We thank the staff at Narrabri, in particular our duty astronomer, Tui Britton, and David Burrows and Eveline Helder, who kindly supplied us with the Chandra images. M.L. acknowledges studentships from ESO and Keele University. The Australia Telescope Compact Array is part of the Australia Telescope which is funded by the Commonwealth of Australia for operation as a National Facility managed by CSIRO. The Centre for All-sky Astrophysics is an Australian Research Council Centre of Excellence, funded by grant CE11E0090.

References

All Figures

thumbnail Fig. 1

Diffraction-limited Stokes-I continuum image of SNR 1987A at 3 mm from observations made on 2011 June 30, July 1 and August 2. The image is restored to a 0.′′7 circular beam (plotted in the lower left corner). The off-source rms noise is  ≈0.5 mJy beam-1.

Open with DEXTER
In the text
thumbnail Fig. 2

IR-radio SED of SNR 1987A with data from Matsuura et al. (2011), Lakićević et al. (2011, 2012), Zanardo et al. (2010), and this work. Power laws are fitted to λ > 30 cm, and two different models for dust emission are plotted (cf. Lakićević et al. 2012). The upper limit of 1 mJy is plotted for any emission in the centre of the 2011 image at 3 mm in addition to that extrapolated from the synchrotron power-law.

Open with DEXTER
In the text
thumbnail Fig. 3

Radial slices through the 3-mm image at 8 position angles. Black dots on vertical axes indicate the position of the zero for each slice. The top image is overlaid with the 70% and 90% flux-density levels (white contours). The image centre was shifted to the VLBI position of SN 1987A determined by Reynolds et al. (1995) [RA 05h35m27.s968, Dec −69°16′11.′′09 (J2000)].

Open with DEXTER
In the text
thumbnail Fig. 4

3-mm image is overlaid with the contours of the 3-cm image derived from observations performed on 2011 January 25 (Ng. et al., in prep.), where the contours correspond to 20% flux-density intervals. Both the 3-mm and 3-cm images were restored with a 0.′′7 circular beam and are centred on the VLBI position of SN 1987A determined by Reynolds et al. (1995) (blue square).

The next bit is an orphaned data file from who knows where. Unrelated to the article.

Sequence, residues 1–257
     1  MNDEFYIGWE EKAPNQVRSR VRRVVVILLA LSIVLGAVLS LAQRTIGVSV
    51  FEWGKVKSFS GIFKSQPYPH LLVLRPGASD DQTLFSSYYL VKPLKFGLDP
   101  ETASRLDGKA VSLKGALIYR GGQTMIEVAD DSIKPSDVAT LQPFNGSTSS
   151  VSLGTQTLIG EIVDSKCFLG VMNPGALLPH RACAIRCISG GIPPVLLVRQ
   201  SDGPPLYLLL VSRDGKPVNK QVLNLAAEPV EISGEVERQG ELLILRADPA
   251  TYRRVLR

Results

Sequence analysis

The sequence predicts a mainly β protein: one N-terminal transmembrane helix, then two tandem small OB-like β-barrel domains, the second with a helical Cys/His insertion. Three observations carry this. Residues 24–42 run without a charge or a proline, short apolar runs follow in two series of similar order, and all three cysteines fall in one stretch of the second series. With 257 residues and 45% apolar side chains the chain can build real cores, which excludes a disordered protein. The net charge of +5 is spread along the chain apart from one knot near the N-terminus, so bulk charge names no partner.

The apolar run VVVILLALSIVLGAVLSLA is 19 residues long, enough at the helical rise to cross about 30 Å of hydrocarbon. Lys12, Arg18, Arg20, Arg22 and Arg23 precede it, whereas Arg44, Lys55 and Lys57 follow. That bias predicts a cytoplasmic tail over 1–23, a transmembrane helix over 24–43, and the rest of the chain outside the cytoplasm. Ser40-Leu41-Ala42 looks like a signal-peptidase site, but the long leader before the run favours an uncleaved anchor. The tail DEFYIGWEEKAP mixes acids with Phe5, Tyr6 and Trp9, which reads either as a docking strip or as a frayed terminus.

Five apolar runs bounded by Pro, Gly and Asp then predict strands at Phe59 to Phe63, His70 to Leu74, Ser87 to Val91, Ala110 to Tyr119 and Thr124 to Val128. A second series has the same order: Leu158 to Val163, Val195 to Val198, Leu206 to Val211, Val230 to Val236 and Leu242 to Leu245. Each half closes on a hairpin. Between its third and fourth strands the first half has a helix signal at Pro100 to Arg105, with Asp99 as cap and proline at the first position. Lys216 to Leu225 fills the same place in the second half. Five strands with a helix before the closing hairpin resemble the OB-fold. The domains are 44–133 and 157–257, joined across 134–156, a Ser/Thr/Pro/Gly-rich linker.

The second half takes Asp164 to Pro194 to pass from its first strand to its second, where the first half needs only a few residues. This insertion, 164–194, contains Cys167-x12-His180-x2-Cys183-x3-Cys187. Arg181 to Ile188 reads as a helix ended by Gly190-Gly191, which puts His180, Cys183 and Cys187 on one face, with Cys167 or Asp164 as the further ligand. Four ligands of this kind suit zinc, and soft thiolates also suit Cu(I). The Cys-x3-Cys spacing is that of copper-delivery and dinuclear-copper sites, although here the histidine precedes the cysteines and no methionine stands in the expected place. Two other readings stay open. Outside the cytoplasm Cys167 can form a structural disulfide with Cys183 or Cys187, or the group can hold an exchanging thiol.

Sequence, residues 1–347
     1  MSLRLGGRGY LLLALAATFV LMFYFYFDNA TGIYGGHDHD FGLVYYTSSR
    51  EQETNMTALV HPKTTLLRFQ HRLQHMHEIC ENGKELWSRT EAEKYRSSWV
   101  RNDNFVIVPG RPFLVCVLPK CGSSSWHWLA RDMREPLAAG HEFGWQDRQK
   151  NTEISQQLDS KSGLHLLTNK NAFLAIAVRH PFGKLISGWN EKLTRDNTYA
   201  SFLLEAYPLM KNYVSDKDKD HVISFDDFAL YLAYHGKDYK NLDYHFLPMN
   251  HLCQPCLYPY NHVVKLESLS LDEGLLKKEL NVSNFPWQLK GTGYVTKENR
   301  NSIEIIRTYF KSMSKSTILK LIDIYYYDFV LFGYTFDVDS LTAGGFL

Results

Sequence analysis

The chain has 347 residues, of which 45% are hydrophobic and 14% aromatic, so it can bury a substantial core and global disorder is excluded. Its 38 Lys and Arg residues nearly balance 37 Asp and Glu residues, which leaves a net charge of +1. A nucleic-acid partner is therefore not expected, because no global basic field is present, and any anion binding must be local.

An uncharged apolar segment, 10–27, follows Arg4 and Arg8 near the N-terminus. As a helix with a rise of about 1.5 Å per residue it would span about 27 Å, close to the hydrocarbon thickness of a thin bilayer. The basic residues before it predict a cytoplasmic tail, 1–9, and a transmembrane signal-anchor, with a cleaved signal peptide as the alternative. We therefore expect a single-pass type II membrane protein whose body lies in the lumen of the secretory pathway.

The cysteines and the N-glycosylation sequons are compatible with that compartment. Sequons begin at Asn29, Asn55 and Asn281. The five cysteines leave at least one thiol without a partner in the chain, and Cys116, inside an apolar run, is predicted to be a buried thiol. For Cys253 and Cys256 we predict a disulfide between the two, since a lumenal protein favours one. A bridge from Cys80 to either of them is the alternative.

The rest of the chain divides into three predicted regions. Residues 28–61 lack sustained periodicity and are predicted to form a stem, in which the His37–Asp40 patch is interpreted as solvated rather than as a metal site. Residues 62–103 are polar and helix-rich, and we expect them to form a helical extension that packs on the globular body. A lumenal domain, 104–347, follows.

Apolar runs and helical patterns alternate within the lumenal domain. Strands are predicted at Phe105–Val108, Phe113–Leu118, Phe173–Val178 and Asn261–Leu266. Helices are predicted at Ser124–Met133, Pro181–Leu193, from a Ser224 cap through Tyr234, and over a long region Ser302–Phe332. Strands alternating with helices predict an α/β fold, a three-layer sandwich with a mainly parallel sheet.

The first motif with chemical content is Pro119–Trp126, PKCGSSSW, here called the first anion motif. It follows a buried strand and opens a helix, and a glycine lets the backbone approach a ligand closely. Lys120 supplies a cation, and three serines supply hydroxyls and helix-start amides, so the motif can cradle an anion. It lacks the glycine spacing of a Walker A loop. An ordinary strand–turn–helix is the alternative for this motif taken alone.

Open with DEXTER
In the text
thumbnail Fig. 5

3-mm – 3-cm spectral index image. The spectral index α is defined as Sν ∝ να and was determined from the ratio of the 3-cm image from observations performed on 2011 January 25 (Ng. et al., in prep.) and the 3-mm image from observations around July 2011. Both images were restored on a 0.′′7 circular beam and centred on the VLBI position of SN 1987A determined by Reynolds et al. (1995) (blue square). The images are overlaid with contours representing the 70% and 90% flux density levels (white: 3 mm; blue: 3 cm).

Open with DEXTER
In the text
thumbnail Fig. 6

The 3-mm image of SNR 1987A from 2011 (greyscale and blue contours; the beam is plotted in the lower left corner), overlain with (green) contours of the average of the deconvolved 0.3–8 keV Chandra X-ray images from October 1999, January 2000 and December 2000 (Burrows et al. 2000; Park et al. 2002). Contours are between 10% and 90% with 10% intervals.

Open with DEXTER
In the text